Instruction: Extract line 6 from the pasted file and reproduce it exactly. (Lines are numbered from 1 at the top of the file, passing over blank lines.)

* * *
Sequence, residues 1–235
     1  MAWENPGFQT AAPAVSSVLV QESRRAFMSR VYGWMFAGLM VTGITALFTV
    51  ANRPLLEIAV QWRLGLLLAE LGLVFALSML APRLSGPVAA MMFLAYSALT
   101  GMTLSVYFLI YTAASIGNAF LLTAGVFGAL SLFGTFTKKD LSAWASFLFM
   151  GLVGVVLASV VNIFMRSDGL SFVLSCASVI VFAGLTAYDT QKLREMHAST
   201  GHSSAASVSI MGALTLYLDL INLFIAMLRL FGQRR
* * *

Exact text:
   201  GHSSAASVSI MGALTLYLDL INLFIAMLRL FGQRR